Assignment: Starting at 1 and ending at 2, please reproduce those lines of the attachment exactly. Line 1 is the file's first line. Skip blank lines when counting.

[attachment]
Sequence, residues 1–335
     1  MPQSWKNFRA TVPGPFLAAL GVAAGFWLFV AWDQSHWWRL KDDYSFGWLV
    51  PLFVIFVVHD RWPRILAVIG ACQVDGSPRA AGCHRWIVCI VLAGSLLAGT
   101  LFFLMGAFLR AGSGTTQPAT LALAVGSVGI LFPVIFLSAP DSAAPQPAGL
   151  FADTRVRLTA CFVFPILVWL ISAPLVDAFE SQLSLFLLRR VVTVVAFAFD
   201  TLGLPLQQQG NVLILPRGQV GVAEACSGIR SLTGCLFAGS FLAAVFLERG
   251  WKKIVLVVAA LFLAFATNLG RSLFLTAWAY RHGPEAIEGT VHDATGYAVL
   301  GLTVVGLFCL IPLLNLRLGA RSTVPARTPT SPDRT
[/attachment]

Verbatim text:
Sequence, residues 1–335
     1  MPQSWKNFRA TVPGPFLAAL GVAAGFWLFV AWDQSHWWRL KDDYSFGWLV